Autumn Animal Antics
Hibernation Lesson Plans for Preschool
In this hibernation lesson plans for preschool, we talk about what animals do in the fall to prepare for the upcoming winter.
- Paper Plate (1 per student or small group)
- Plastic cup (1 per student or small group)
- Leaves (real, plastic, or fabric)
- Clay (air dry or Play Doh)
- Thermometer (IR digital will work best)
- Ice in a bag or an ice pack
- Pom poms, balls, plastic food, toys, balled up paper, etc. (something small to be gathered)
- Backpacks, purses, or fanny packs
Talk about what animals do in the fall to prepare for the upcoming winter. Some animals gather food. Animals that gather food either eat it right away to prepare for hibernation while others store the extra food to be eaten all winter. Some animals fly to warmer climates while others spend the fall making a nice warm den to spend the winter in. Share pictures and videos of animals doing all of these behaviors (see resources here).
Exploration Questions: What do human animals do in the fall? If you were a different animal, which do you think you’d want to do in the fall- gather lots of food and build a den or fly to somewhere warmer?
Activity 1: Flying South.
Find a large space in your classroom and tape a V shape on the floor. Stand at the point of the V and then ask your students to line up on the V and face you.
Ask them to do what you do. Flap your arms. Try flapping slowly and then quickly and encourage them to match your speed- throw in some honking for good measure!
Let other students have a chance to be the goose leader.
Extension for older students: Try taking your goose V on the move. In an outdoor space, play follow the leader while trying to match your wing flaps and stay in your V!
Exploration Questions: Was it hard to match me when I was flapping my arms? Did you feel tired at any point during this game?
Activity 2: Gather food.
Spread the “food” that will be collected throughout the classroom or playground.
Some students will collect and store their food like tree squirrels and chipmunks. Place buckets around the room and they can “stash” their food in these buckets as they gather it.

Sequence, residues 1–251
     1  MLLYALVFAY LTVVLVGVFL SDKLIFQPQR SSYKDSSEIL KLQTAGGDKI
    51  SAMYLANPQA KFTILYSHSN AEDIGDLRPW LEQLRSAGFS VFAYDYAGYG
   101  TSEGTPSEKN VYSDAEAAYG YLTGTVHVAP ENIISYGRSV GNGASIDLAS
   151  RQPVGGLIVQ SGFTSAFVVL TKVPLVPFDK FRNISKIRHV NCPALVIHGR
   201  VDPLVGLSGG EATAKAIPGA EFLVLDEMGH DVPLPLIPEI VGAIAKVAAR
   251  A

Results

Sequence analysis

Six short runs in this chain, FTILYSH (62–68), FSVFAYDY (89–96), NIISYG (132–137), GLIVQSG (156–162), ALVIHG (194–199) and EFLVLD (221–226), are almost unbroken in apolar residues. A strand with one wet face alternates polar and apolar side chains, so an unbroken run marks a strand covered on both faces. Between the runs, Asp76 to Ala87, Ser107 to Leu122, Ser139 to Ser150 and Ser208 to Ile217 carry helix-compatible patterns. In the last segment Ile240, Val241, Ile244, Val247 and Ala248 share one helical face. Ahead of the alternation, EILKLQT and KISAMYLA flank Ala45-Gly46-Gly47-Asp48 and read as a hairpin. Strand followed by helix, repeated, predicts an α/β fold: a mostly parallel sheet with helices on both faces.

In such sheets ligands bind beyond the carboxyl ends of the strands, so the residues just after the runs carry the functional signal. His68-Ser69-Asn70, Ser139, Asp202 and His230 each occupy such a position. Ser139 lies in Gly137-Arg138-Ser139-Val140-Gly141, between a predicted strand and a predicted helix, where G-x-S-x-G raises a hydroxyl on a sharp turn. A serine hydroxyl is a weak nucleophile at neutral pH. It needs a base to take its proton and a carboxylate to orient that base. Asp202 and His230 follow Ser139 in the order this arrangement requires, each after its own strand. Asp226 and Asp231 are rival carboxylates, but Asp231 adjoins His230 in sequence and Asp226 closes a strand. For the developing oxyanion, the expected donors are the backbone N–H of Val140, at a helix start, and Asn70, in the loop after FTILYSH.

Some students will collect food and “eat” it like woodchucks and bears. Give these students backpacks or fanny packs that they can wear on the front of their bodies as their “bellies.” As they collect food, eat it by putting it in their bags.
Exploration Questions: Was it easier to collect food when you were eating it or when you were stashing it? Can you share food with each other as a stasher or an eater?
Activity 3: Build a warm den.
Before the lesson, lay a plastic cup on a paper plate and tape it down. This will be the den for each student or group of students.
Let students place their hands in the cup while you place the ice pack on top. If you’re using a digital thermometer, take the temperature of the area in the cup.
Challenge the students to make the den warmer by adding leaves and grass to the cup. Then, place their hands inside, nestle in the leaves and grass, and add the ice pack to the top of the cup. Does it feel warmer? Take the temperature again.
Finally, add the clay to the outside of the cup- now your den is underground! Place the student’s hands back inside and add the ice pack. How warm is the den now? Add their second hand (if there’s room) like animals snuggling up together. Take one more temperature reading.
Extension/Alternative: Allow the students access to all the supplies, and include man-made materials like pom poms, felt, cut up old socks or mittens and challenge them to make the warmest den they can make!
Hollie is certified K-8 teacher who has been educating in the informal education field since 2005. She has developed and implemented countless exciting STEAM programs for families, classrooms, and teachers focused on the natural world, the scientific process, and ancient life. Her professional passions are inquiry, whole family learning, experiential learning starting in early childhood, and the intersection of literacy and science instruction.
She has recently developed a community-based program that encourages families to use dramatic play to learn science, increase literacy skills, and have fun together for which she received the Drexel University Presidential Award for Civic Engagement. She is most proud of her work on a popular science storytelling program for preschool families and classrooms that combines a book club format with engaging programs, innovative curriculum, and a hysterical puppet storyteller.